|Our wrangler for the day, Blake, arrives at the trailhead with Blanco and Rio, our mounts.|
I've travelled a great deal in the western States, and I've lived out a lot of my dreams. The one thing I had never done until today was ride a horse out in the back country. Now, thanks largely to the six riding lessons A bought me for my birthday, I was able to sign up for a three-hour ride in the mountains above Taos.
We climbed a narrow winding trail, rising from about 8000 to 9000 feet through pines and aspens, crossing a spring-fed creek several times. Our man Blake was not only a terrific teacher - how to steer, how to halt, how to stop the horses eating everything in sight - but also a mine of information on the landscape, its vegetation, and a whole raft of topics from feedlots (he detests them) to living off the land in the Hawaiian jungle, which he counts among his many achievements.
So far, neither of us is saddle-sore - but we haven't gone to bed yet. And in any case, we are confident that any pain suffered now, as our muscles adapt, will make the three-day trek we have lined up for Arizona in ten days' time a little easier.
After climbing for about 45 minutes to an hour we rested. While we ate our snacks the horses chewed on spruce branches - and our apple-cores. Then it was time to retrace our steps, sit back in the saddle, heels down, as the horses negotiated the steep downward path.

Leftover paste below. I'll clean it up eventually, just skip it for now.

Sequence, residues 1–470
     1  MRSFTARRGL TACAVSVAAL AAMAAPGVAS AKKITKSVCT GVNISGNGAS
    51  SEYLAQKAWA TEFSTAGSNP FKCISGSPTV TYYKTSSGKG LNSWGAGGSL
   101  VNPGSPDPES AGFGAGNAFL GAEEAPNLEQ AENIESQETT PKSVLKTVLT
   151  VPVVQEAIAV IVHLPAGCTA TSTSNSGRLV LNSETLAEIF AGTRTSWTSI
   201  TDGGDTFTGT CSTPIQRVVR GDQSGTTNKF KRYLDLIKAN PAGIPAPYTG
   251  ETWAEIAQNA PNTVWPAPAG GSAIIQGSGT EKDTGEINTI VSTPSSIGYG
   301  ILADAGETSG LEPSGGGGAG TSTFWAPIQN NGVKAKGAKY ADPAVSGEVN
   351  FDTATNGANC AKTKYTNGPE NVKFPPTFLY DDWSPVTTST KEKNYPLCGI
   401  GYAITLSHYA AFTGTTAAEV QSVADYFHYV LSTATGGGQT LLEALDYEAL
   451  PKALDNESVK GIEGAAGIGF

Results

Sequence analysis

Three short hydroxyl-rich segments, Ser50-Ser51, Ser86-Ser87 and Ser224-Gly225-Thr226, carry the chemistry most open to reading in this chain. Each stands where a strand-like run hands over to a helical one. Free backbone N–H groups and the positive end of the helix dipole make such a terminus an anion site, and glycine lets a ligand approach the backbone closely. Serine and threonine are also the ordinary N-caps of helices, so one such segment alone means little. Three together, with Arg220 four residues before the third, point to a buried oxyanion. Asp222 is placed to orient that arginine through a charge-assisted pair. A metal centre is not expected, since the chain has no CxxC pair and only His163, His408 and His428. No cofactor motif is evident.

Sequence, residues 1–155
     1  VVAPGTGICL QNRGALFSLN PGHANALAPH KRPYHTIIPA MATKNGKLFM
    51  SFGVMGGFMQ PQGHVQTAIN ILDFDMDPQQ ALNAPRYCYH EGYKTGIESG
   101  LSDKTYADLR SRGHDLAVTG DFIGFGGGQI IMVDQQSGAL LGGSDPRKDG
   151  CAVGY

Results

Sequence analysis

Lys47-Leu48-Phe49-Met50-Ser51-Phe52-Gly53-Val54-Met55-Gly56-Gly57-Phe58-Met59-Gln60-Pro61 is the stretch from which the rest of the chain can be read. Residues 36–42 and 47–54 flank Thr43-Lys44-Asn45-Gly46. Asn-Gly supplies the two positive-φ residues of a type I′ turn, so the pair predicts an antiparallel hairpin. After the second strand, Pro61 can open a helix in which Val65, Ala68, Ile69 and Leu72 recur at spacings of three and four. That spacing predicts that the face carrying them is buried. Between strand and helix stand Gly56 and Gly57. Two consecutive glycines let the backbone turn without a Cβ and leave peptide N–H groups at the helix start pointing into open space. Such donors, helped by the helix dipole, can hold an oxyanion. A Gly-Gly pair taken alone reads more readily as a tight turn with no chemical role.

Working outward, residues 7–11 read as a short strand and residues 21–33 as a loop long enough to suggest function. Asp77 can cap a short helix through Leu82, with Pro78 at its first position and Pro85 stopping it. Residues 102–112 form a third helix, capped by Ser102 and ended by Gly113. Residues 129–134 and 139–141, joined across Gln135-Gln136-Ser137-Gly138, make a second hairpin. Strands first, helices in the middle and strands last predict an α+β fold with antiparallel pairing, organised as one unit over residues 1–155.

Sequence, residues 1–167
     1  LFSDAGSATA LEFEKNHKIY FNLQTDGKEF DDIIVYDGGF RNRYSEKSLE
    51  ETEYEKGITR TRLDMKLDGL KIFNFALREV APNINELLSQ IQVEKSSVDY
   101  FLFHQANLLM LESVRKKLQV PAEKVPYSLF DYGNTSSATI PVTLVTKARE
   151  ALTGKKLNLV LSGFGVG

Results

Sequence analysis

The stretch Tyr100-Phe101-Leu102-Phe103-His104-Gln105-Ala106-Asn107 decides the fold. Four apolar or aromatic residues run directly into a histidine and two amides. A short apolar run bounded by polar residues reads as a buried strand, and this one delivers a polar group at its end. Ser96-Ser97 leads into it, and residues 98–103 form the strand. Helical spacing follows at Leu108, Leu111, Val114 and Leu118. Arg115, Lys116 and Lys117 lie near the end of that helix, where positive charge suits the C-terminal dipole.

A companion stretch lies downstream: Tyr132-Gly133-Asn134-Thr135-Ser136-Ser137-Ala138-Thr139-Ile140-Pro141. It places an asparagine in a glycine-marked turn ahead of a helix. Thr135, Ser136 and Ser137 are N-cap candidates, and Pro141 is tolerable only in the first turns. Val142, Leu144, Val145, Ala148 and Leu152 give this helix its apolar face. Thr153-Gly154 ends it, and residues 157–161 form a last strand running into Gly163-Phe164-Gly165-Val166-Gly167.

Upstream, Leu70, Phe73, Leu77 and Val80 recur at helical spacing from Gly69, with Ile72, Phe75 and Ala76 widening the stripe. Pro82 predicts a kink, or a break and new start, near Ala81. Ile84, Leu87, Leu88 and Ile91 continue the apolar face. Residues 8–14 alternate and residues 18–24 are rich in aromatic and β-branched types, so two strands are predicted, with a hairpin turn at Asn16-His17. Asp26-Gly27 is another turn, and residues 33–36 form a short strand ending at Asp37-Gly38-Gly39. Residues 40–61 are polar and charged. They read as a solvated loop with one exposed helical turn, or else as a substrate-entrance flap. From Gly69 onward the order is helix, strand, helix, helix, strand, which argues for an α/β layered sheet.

Tomorrow we're up at six, in preparation for the foot races up at Taos Pueblo, which begin around 7.15. This is the start of the Feast of San Geronimo, about the biggest event to which outsiders are invited. Sometime between then and our setting off for the Canyon de Chelly (0700h Thursday) I'll try to write up some notes on our two nights at Chaco Canyon, our visit to the Aztec Ruins in NW New Mexico and our stay in Albuquerque, where we had a delightful lunchtime visit with my old writing tutor, Rudy Anaya.